A bispecific transmembrane antibody simultaneously targeting intra- and extracellular epitopes of the epidermal growth factor receptor inhibits receptor activation and tumor cell growth

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Epidermal growth factor receptor (EGFR) plays an important role in essential cellular processes such as proliferation, survival and migration. Aberrant activation of EGFR is frequently found in human cancers of various origins and has been implicated in cancer pathogenesis. The therapeutic antibody cetuximab (Erbitux) inhibits tumor growth by binding to the extracellular domain of EGFR, thereby preventing ligand binding and receptor activation. This activity is shared by the single chain antibody fragment scFv(225) that contains the same antigen binding domain. The unrelated EGFR-specific antibody fragment scFv(30) binds to the intracellular domain of the receptor and retains antigen binding upon expression as an intrabody in the reducing environment of the cytosol. Here, we used scFv(225) and scFv(30) domains to generate a novel type of bispecific transmembrane antibody termed 225.TM.30, that simultaneously targets intra- and extracellular EGFR epitopes. Bispecific 225.TM.30 and related membrane-anchored monospecific 225.TM and TM.30 proteins carrying extracellular scFv(225) or intracellular scFv(30) antibody fragments linked to a transmembrane domain were expressed in EGFR-overexpressing tumor cells using a doxycycline-inducible retroviral system. Induced expression of 225.TM.30 and 225.TM, but not TM.30 reduced EGFR surface levels and ligand-induced EGFR activation, while all three molecules markedly inhibited tumor cell growth. Co-localization of 225.TM with EGFR was predominantly found on the cell surface, while interaction with 225.TM.30 and TM.30 proteins resulted in the redistribution of EGFR to perinuclear compartments. Our data demonstrate functionality of this novel type of membrane-anchored intrabodies in tumor cells and suggest distinct modes of action of mono- and bispecific variants.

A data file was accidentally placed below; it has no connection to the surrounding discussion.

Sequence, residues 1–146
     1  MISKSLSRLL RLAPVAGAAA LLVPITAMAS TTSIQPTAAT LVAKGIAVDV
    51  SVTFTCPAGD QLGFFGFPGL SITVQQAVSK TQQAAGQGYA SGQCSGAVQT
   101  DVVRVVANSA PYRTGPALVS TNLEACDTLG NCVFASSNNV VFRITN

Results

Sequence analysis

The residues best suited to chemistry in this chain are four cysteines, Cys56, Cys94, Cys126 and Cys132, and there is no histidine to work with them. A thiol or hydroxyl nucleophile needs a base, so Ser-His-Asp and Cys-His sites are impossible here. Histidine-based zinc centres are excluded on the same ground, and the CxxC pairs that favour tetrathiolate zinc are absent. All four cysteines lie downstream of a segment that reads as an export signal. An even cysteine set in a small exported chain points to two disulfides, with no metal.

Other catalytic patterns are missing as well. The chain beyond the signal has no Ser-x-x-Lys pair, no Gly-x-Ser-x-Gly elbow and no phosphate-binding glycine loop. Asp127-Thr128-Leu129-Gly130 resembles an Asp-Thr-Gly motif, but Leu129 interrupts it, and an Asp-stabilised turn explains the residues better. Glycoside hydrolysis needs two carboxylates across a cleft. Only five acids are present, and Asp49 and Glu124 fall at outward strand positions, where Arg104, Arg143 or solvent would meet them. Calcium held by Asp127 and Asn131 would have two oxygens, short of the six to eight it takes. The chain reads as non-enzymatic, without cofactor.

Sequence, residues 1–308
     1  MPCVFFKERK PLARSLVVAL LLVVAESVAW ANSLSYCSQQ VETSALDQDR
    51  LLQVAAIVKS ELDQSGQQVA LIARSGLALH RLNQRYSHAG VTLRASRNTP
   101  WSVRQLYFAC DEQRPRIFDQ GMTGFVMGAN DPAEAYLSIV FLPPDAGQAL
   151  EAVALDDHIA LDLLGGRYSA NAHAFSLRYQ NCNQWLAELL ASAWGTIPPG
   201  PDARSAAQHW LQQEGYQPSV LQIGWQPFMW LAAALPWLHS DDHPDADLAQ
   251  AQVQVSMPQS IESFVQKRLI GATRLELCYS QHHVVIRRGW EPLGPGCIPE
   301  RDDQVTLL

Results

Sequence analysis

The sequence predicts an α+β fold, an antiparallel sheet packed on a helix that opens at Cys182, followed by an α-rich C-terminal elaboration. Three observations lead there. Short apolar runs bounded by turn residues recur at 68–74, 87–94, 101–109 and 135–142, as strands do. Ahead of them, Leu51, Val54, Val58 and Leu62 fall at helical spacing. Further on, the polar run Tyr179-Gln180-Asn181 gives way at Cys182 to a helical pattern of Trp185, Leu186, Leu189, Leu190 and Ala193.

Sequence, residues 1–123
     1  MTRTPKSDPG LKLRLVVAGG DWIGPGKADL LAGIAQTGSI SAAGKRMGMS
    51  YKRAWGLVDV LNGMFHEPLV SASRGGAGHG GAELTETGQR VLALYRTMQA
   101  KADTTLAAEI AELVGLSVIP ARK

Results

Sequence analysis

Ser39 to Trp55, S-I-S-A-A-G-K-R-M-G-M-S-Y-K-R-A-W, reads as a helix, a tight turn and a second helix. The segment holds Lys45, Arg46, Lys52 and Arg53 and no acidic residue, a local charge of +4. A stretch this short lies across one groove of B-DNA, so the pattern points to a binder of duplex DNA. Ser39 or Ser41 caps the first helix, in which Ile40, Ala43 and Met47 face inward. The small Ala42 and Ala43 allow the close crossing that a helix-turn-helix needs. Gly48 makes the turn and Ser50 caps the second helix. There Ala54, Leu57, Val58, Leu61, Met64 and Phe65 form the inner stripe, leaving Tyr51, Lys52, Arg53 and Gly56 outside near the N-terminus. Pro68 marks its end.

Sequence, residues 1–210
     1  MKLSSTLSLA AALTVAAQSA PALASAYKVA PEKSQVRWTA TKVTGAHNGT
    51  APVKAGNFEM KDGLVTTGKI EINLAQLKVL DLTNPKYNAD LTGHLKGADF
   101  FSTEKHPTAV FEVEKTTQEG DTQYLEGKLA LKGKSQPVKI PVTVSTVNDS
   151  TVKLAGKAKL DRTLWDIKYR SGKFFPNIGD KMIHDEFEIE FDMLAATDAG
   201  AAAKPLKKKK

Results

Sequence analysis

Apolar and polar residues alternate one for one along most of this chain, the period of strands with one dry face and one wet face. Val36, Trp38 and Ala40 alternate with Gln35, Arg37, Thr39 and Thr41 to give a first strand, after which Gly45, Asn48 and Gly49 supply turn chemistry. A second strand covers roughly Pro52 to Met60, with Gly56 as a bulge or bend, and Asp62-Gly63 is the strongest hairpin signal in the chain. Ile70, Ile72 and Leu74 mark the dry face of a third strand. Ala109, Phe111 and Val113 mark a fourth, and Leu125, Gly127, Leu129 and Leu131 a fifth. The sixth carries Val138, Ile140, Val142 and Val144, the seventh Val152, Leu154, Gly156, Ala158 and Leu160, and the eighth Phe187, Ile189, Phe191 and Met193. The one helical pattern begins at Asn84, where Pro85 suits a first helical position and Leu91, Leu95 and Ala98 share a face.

What's new?

Intrabodies are antibodies that have been engineered to be expressed within cells, in order to selectively interfere with cellular processes. In this study, the authors designed a bispecific, membrane-anchored intrabody with domains that interact both with extracellular and intracellular epitopes of EGFR. When it was expressed in EGFR-dependent tumor cells, EGFR surface levels, ligand-induced autophosphorylation, and tumor-cell growth were all reduced, demonstrating functionality of this novel type of intrabody in tumor cells.

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